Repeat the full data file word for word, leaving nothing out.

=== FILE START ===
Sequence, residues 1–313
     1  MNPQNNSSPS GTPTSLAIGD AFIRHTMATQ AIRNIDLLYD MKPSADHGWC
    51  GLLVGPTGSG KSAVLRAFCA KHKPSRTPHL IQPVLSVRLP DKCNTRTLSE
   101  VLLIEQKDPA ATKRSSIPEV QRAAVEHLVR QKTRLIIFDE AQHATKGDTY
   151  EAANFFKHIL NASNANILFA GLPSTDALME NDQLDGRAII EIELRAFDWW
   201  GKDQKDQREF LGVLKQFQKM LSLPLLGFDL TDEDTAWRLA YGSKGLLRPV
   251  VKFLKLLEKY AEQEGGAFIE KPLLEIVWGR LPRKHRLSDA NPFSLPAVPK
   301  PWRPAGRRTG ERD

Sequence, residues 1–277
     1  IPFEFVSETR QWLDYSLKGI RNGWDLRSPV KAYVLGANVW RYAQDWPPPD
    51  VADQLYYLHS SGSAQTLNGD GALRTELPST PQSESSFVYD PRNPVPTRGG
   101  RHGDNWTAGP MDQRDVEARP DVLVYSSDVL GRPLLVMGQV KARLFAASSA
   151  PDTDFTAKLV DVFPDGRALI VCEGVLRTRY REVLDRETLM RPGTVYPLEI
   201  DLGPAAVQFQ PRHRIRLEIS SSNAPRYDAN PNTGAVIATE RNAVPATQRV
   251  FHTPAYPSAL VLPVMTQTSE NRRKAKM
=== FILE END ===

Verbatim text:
Sequence, residues 1–313
     1  MNPQNNSSPS GTPTSLAIGD AFIRHTMATQ AIRNIDLLYD MKPSADHGWC
    51  GLLVGPTGSG KSAVLRAFCA KHKPSRTPHL IQPVLSVRLP DKCNTRTLSE
   101  VLLIEQKDPA ATKRSSIPEV QRAAVEHLVR QKTRLIIFDE AQHATKGDTY
   151  EAANFFKHIL NASNANILFA GLPSTDALME NDQLDGRAII EIELRAFDWW
   201  GKDQKDQREF LGVLKQFQKM LSLPLLGFDL TDEDTAWRLA YGSKGLLRPV
   251  VKFLKLLEKY AEQEGGAFIE KPLLEIVWGR LPRKHRLSDA NPFSLPAVPK
   301  PWRPAGRRTG ERD

Sequence, residues 1–277
     1  IPFEFVSETR QWLDYSLKGI RNGWDLRSPV KAYVLGANVW RYAQDWPPPD
    51  VADQLYYLHS SGSAQTLNGD GALRTELPST PQSESSFVYD PRNPVPTRGG
   101  RHGDNWTAGP MDQRDVEARP DVLVYSSDVL GRPLLVMGQV KARLFAASSA
   151  PDTDFTAKLV DVFPDGRALI VCEGVLRTRY REVLDRETLM RPGTVYPLEI
   201  DLGPAAVQFQ PRHRIRLEIS SSNAPRYDAN PNTGAVIATE RNAVPATQRV
   251  FHTPAYPSAL VLPVMTQTSE NRRKAKM